Right now, you may find many things upsetting: You might be Zoomed out, missing your friends or mourning lost loved ones. “You’re really in the moment,” says Anne Wilson, a psychology professor at Wilfrid Laurier University in Ontario. “You’re living whatever’s negative and distressing.”
Temporal distancing is a way to “step outside of the unpleasant, immersed moment,” she says. To do this, imagine yourself in a later moment in time. A year from now, for example, we probably won’t still be living through the pandemic. By then, it will be mostly behind us, though much about society will have changed, and you’ll have a different perspective about it than you do now. “Thinking about ways things can get better — and that things will change, you will grow, you will learn from something that’s even unpleasant — can often give you a sense of optimism and hope,” Wilson says. Read more (Washington Post)
Unlike traditional investments in financial assets, luxury goods can be difficult to value if one does not have an appreciation for their form. A rare painting, for example, does not generate cash flows, meaning its value is truly in the eye of the beholder.
To gain some insight into the market for luxury goods, this infographic takes data from Knight Frank’s 2021 Wealth Report to compare the preferences of nine global regions. Read more (Visual Capitalist)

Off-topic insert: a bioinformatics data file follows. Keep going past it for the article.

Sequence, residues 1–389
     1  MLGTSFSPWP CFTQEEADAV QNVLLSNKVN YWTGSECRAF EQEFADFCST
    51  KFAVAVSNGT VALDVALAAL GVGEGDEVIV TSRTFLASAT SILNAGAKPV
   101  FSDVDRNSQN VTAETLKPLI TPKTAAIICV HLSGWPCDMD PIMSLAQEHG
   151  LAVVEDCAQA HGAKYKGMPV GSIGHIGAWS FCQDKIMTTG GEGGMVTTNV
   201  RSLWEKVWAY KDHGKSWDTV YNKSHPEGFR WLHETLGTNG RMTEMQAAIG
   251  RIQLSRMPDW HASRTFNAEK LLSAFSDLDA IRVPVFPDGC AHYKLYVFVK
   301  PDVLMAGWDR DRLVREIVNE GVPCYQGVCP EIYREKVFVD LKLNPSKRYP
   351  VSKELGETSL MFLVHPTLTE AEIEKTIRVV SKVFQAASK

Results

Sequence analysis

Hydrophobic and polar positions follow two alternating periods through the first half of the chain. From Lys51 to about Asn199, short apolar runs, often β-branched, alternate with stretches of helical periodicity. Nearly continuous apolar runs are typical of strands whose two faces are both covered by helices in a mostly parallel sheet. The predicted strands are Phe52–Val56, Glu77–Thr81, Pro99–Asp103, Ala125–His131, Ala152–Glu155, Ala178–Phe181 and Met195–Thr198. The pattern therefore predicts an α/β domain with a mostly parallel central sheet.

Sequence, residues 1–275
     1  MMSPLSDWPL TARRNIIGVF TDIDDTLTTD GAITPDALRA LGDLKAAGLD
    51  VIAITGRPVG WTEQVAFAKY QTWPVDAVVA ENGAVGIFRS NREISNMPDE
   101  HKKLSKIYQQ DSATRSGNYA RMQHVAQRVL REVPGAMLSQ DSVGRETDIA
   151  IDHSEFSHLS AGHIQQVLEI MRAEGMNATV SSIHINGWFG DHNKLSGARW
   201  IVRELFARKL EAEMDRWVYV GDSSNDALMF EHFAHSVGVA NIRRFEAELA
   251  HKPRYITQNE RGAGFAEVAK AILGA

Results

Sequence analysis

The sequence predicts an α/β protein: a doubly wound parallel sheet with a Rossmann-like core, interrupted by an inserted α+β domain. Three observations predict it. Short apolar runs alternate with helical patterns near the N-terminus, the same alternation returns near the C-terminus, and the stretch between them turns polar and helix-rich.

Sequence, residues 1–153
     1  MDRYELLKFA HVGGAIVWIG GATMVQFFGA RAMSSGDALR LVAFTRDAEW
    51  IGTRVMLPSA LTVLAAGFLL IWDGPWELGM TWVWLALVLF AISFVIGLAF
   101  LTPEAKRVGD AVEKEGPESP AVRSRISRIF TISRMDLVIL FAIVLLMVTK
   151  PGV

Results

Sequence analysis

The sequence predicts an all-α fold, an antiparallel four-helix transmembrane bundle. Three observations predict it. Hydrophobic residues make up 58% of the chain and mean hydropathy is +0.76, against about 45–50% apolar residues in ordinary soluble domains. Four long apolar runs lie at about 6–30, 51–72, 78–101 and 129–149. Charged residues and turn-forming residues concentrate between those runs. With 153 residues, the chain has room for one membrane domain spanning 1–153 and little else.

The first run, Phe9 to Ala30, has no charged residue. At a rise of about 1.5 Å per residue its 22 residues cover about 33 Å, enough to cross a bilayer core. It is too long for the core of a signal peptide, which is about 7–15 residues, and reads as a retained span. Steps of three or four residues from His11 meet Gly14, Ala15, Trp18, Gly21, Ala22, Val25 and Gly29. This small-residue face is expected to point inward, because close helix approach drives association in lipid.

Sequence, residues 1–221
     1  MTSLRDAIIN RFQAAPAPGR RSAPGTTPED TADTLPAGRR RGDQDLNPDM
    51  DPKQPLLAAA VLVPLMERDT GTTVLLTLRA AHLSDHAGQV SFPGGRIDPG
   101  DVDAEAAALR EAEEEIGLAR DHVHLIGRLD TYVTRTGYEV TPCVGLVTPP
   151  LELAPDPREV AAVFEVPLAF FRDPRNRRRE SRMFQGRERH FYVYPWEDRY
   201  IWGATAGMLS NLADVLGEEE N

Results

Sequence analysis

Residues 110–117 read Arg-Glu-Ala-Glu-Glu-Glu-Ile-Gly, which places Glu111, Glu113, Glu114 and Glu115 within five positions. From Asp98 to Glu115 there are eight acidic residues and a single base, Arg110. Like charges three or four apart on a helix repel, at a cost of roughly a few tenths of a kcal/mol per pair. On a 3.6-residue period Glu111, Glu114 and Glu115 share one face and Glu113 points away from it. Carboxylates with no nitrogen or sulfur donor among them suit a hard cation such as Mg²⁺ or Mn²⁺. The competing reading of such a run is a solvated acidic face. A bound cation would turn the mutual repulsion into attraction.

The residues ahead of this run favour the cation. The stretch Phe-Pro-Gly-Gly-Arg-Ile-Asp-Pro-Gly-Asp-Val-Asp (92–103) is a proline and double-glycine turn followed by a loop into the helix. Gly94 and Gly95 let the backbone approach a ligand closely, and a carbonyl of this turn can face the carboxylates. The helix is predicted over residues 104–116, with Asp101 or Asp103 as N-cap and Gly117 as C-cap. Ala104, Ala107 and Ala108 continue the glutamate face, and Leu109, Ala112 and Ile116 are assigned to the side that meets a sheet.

For the Hôtel Métropole exhibition at the Pavillon de l’Arsenal, Parisian design collective ciguë recently showcased “Une chambre pour demain” (A Room for Tomorrow), an experimental redesign of a hotel room that champions water recycling. Created as a reaction against the amount of unseen excess and waste in the hospitality business, the pavilion takes the shape of a minimalist hotel room that uses a series of rainwater harvesting systems estimated to offer 70% water savings as compared to a standard hotel room. Read more (InHabitat)
Socially distanced craft classes, virtual tango lessons, a city tour accompanied by an avatar guide: how experience companies — which now include Amazon — are adapting to the pandemic. Read more (NY Times)
When will the airlines return to “normal” as we knew it a few months ago? That was the question I asked everyone I spoke with. “Maybe five years,” one person said. “I think four years,” said an optimist. Another person guessed seven. “I think never,” said an airline pilot, now on indefinite furlough.